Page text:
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Old 09-02-2011, 04:55 PM   #1
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Open cornice rafter bay blocking.


So I have a gabled roof with open cornice overhangs of about 2.5 ft. Above the exterior wall there is blocking that closes off the rafter bays. I want to put attic intake vents in the blocking by cutting an inch or so off the top and screening, or replace some pieces of blocking with screen. But I don't know if the blocking is structurally necessary. If it is, would cutting an inch off the top of all of them pose a problem?
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Old 09-02-2011, 06:18 PM   #2
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Open cornice rafter bay blocking.


Try posting some photos.
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Old 09-02-2011, 06:39 PM   #3
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Open cornice rafter bay blocking.


General roof/overhang view:



Currently there are two rafter bay openings (total) that are screened, here is a detail on one of them...you can see the blocking between the rafters in the bays bordering the screened one:



And here is a picture from the attic looking toward the overhang:

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Old 09-02-2011, 06:56 PM   #4
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Open cornice rafter bay blocking.


Do the screen every third bay, that with a ridge vent and you should be fine.
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Old 09-03-2011, 11:36 PM   #5
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Open cornice rafter bay blocking.


Ask your Building Department as in a seismic zone, full height blocking is required. If not, they are less than minimum so you would be alright without them: http://publicecodes.citation.com/ico...002_par028.htm

To remove every third bay would give you plenty (3.75 times) more venting than minimum, but the bays between would not get much venting and could result in ice dams or frosting inside, depending on location. Figure 9 sq. in. per foot, so your 2' o.c. rafters would need 18 sq. in. of NFVA or about a 1-1/8" slot in each bay with 1/4" hardware cloth.
You'll want some baffles in front of them as the attic insulation appears below minimum for most areas. http://www.airvent.com/homeowner/pro...it-specs.shtml

Where are you located?

Gary
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Old 09-04-2011, 04:47 PM   #6
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Open cornice rafter bay blocking.


I am located in Portland, OR. Within the state codes the only thing my untrained eye can find that may be applicable is in reference to lateral bracing of rafters:

http://ecodes.biz/ecodes_support/fre...nstruction.pdf

section R802.8 Lateral support

Basically, it says lateral support is required where rafter depth-to-thickness ratio exceeds 5:1 based on nominal dimensions, given 2x6 rafters my depth-to-thickness ratio would be 3:1, if I understand this correctly, and therefore lateral support would not be required. Additionally, I checked the City of Portland's Residential Seismic strengthening page and there is no reference to special requirements (over and above those listed in the state codes) with regard to lateral bracing of rafters:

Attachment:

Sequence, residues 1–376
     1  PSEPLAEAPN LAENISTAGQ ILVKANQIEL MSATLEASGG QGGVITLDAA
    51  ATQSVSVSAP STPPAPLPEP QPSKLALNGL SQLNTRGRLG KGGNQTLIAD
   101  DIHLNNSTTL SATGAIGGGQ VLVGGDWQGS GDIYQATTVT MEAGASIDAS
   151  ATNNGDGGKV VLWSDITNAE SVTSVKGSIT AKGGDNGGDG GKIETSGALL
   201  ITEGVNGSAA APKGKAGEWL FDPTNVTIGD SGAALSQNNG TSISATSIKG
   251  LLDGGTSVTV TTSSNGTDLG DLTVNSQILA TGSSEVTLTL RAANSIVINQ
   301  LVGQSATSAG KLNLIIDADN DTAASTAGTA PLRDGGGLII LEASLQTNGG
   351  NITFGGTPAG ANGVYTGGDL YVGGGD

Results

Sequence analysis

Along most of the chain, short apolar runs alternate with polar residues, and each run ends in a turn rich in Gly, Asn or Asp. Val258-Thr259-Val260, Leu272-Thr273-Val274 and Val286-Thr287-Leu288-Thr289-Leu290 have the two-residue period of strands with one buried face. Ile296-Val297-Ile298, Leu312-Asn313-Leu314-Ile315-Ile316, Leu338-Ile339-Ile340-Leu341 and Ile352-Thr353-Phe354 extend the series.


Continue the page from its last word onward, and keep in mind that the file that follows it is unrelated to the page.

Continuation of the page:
http://www.portlandonline.com/bds/index.cfm?c=53562

Am I missing something?

Ventilating through the under-eave blocking would certainly be the most waterproof option for me to add intake vents to my attic. I could install an airvent/smartvent/coravent type product on the roof to provide intake vents, but it would have to be installed at least 3 feet up from the eave edge given that I have open cornice overhangs. To me, this seems like a weak point in the roof's "armor". Additionally, even though it is extra work, I would rather install continuous under-eave vents through the blocking than completely removing every third piece, since this continuous venting would provide the most thorough ventilation for the whole roof deck.

GBR, you mentioned installing baffles due to sub-par ceiling insulation in the attic. Did you mention this because if insulation was added the baffles would be needed to keep the vents clear? OR did you mention this because installing baffles would help keep the intake air directed up the rafter bays rather than over the ceiling?

Thanks for the replies.
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Old 09-04-2011, 11:05 PM   #7
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Open cornice rafter bay blocking.


"GBR, you mentioned installing baffles due to sub-par ceiling insulation in the attic. Did you mention this because if insulation was added the baffles would be needed to keep the vents clear? OR did you mention this because installing baffles would help keep the intake air directed up the rafter bays rather than over the ceiling?" ----

Both. You don't want wind-washing to negate or move the loose-fill insulation.
Sounds like the blocking is a non-issue, check locally if you go that route.

Gary
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Clean the ducting in the last six months? 17,000 dryer fires annually!
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Old 09-05-2011, 12:55 AM   #8
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Open cornice rafter bay blocking.


Great, thanks for the good info. I've got an inquiry in with the cities bureau of developmental services regarding code compliance if I make changes to the described blocking...I will proceed from there.

Thanks again!
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